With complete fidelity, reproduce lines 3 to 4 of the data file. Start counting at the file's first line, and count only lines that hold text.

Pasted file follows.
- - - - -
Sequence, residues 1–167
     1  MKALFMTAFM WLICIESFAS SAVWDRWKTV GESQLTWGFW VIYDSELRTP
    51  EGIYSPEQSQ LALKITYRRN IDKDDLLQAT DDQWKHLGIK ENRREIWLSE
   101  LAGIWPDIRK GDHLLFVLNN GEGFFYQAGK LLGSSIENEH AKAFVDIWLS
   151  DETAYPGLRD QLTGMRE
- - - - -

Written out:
    51  EGIYSPEQSQ LALKITYRRN IDKDDLLQAT DDQWKHLGIK ENRREIWLSE
   101  LAGIWPDIRK GDHLLFVLNN GEGFFYQAGK LLGSSIENEH AKAFVDIWLS